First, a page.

Part One: How to do it?
This is Jeff's first year as a TA at Queen's. He is a lab demonstrator in a large course that has 6 lab sections, each led by a different TA. He runs the lab each week, and marks the weekly lab reports for the students in his section. These lab reports are worth a percentage of the students' final grades in the course.
It is the fifth week into the semester, and Jeff is quite pleased with how his labs have been progressing. Although his only previous experience with labs has been as a student in another university, he has managed to give a coherent introduction to the lab each week, and it seems that the students are working fairly well on the lab experiments. He is really pleased that students are coming to him with questions about lab procedures and the underlying rationale for the procedures, and that he has been able to answer their questions and give good clear explanations.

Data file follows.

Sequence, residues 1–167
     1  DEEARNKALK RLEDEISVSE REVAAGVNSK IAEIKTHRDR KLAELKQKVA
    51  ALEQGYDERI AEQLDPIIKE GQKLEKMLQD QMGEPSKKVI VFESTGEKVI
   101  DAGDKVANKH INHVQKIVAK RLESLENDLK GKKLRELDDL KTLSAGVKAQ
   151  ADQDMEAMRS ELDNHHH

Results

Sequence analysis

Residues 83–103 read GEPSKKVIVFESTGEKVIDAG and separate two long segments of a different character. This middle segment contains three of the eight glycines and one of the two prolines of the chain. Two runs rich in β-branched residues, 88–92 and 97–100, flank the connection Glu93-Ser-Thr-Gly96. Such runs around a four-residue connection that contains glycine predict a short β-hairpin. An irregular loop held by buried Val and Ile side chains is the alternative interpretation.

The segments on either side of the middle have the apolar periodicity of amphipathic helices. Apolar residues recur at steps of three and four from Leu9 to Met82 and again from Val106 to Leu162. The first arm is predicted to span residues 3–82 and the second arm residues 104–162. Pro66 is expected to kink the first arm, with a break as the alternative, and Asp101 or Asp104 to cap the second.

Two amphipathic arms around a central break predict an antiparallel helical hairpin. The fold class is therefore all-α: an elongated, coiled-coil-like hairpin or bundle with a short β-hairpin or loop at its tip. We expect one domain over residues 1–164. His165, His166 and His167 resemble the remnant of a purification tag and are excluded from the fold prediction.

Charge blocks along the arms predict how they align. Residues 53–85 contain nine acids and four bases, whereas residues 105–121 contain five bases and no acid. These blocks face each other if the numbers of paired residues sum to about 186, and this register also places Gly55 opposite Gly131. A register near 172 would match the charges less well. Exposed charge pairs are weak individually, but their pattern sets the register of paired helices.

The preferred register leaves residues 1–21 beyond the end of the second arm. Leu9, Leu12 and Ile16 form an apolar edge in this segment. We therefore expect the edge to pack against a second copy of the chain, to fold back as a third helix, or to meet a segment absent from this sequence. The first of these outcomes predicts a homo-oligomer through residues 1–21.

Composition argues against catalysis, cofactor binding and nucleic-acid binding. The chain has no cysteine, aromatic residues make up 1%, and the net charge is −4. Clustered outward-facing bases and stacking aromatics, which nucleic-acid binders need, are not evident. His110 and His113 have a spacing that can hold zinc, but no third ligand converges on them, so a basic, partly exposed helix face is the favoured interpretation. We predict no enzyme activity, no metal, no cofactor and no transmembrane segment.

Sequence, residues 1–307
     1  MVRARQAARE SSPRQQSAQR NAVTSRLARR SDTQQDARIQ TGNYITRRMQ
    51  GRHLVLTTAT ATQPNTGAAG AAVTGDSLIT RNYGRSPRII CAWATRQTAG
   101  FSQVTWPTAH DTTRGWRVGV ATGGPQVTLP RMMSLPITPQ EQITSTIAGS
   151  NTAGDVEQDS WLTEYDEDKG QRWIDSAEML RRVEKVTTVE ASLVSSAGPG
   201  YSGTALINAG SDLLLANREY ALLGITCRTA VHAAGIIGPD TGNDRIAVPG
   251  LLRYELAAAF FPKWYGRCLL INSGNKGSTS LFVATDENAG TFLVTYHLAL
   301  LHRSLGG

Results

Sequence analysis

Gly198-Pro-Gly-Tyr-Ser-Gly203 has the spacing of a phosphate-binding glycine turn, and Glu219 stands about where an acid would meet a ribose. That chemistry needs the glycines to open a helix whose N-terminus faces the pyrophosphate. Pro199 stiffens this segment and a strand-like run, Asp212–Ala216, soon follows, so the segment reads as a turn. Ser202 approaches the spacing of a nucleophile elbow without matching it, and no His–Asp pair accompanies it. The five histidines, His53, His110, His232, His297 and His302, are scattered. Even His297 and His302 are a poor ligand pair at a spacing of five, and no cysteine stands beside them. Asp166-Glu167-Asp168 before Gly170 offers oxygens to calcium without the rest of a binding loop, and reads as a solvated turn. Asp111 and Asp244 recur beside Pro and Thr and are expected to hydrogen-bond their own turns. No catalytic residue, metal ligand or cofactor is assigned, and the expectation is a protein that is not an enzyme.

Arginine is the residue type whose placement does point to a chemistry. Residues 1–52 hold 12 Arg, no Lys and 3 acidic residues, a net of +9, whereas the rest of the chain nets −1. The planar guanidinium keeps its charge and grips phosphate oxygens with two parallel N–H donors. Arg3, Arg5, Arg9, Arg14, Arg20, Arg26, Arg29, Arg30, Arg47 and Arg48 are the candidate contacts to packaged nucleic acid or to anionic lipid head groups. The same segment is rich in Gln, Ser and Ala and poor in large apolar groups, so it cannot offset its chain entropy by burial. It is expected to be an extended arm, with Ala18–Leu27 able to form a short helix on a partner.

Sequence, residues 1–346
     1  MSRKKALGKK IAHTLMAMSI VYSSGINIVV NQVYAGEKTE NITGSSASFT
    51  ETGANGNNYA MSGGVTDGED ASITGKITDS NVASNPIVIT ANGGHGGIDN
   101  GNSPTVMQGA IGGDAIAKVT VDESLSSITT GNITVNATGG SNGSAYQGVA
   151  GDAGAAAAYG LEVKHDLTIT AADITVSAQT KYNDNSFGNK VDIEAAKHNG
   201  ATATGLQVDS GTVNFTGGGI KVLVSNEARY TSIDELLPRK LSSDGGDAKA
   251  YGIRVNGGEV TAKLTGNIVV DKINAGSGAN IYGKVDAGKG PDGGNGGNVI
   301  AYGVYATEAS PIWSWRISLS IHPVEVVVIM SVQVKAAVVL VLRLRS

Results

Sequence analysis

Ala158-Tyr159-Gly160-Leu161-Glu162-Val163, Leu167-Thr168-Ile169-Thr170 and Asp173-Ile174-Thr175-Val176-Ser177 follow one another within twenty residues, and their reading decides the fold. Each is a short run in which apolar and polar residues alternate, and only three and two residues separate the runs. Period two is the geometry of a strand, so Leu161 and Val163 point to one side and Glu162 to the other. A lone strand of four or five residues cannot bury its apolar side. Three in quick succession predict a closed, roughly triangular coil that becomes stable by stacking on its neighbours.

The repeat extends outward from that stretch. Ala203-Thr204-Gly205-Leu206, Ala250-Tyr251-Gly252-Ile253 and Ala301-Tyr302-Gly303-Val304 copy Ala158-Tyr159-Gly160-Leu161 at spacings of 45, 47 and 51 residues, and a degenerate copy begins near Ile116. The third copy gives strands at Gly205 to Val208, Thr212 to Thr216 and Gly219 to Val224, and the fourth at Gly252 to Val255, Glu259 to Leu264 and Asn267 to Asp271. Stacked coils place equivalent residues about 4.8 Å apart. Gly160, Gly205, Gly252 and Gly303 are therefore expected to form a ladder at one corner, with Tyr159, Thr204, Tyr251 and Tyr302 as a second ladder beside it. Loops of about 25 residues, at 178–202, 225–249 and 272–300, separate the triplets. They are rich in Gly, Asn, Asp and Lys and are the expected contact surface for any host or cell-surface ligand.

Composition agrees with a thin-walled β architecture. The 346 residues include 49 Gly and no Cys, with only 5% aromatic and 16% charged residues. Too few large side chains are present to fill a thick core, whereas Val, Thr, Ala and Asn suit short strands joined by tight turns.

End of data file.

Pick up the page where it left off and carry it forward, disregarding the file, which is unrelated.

Arthur, one of the better students in the group, comes to see him after class one week. Arthur reports that his friend Janet, in a different lab section of the same course, is receiving better grades in the weekly lab reports than Arthur is - for comparable work. Jeff tries to justify the grades to Arthur, but he can see that his explanation does not satisfy Arthur.
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Last updated June 24, 1997
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